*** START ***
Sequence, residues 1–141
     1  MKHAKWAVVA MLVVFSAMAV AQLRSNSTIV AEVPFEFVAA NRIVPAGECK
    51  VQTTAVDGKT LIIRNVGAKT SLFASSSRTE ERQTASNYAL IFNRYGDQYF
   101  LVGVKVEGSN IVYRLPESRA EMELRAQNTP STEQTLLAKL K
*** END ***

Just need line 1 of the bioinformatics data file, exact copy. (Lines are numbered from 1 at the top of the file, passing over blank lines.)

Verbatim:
Sequence, residues 1–141